The same idea applies to other products inside of Blender which are considered as brands and must not be translated. These include:

  • Cycles
  • EEVEE (must be written uppercase)
  • Grease Pencil
  • Freestyle
  • Line Art

Advanced Operations

Translators can also download the PO file of their language to work offline (see below), and upload it again later. Be aware though that this may create conflicts, in which case part of the offline work may be rejected by Weblate on upload.

Patience Required

There is a known issue with the current tool behind the web interface, which will make heavy processing like upload and integration of a PO file take several minutes, with the web page staying in refresh mode for the whole time. If it takes more than ten minutes, it will even apparently fail with a server timeout error message. There is usually no actual problem though, so no need to re-try uploading the PO file then, refreshing the page after a few minutes should be enough to see the contribution in the web interface.


Gettext tools (msgfmt and msgmerge) are very helpful for most of these operations! If you are working with RTL languages (Arabic, Persian, Hebrew…), you’ll also need the C library FriBidi for your platform.

How it Works

PO translation files can be downloaded and uploaded from the Files menu of a language page in the translation project.

The blender-ui-ui-<language>.po file follows the gettext fairly simple format:

#: One or more lines of comments stating origins of the message.
#, fuzzy [optional] see below
# One or more lines of free, general comments
msgid "some message id"
msgstr "translation for this message"

In case msgid or msgstr are too long, they will be split on several lines, like this:

msgid ""
"A very very very very very very very very very very very very very very very"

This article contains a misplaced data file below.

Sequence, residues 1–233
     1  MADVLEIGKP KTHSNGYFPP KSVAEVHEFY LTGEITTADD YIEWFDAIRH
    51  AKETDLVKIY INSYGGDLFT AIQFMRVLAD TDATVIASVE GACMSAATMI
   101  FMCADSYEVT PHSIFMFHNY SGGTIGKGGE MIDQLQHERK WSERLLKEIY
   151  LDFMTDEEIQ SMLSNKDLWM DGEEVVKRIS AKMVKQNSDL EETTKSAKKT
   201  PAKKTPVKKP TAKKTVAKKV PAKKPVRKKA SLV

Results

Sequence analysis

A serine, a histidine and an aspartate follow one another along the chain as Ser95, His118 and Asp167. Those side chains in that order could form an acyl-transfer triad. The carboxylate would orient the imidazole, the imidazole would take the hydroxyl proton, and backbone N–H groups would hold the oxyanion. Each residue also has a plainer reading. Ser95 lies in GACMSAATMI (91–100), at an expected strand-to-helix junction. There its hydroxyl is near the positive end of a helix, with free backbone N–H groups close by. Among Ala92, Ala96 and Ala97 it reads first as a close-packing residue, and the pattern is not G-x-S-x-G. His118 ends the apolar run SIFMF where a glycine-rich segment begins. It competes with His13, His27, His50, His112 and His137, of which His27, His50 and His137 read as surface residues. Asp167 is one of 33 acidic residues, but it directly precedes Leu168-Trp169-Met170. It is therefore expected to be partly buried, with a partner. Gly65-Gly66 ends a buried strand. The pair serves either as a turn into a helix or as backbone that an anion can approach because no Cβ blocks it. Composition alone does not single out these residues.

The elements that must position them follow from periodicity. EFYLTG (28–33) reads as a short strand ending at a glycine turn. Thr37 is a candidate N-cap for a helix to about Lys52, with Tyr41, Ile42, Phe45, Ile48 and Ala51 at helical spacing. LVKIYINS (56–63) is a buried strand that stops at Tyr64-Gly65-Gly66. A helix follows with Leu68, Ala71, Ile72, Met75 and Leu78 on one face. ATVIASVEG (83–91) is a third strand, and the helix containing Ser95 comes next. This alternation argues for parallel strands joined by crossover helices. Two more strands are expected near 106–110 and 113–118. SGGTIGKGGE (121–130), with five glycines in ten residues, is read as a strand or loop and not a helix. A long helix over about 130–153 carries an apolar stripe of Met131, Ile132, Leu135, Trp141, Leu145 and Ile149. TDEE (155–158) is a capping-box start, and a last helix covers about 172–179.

" very very very very dummy long message id!"

All this means that when the string "some message id" is used as operator name, tool-tip, menu and so on, it will be displayed on the screen as "translation for this message".

Edit Translations - Translators

Any string with an empty msgstr needs to be translated.

If the msgid is marked as fuzzy, i.e.

#, fuzzy
msgid "some message id"
msgstr "translation for this message" means that the translation used to exist for this message, but the message was modified, so the translation also has to be updated. When the translation has been updated, the line with #, fuzzy should be removed.


Using a dedicated editor for po files is recommended, like e.g. Poedit.

Add New Languages - Translators

Adding a language has to be done by an admin/developer of the project. The best way to request for it is to open an issue on the tracker, typically while also asking to become a translator (see above at the start of this page).

Merge Translations - translators

When a PO file has been worked on offline for some times, and there are conflicts with the current status of translations on the website, the translator can re-download an up-to-date translation file, and try to merge their current work in it.

Using msgcat gettext tool is the best solution currently (msgcat -o output_file.po input_file1.po input_file2.po …, see its help for more info).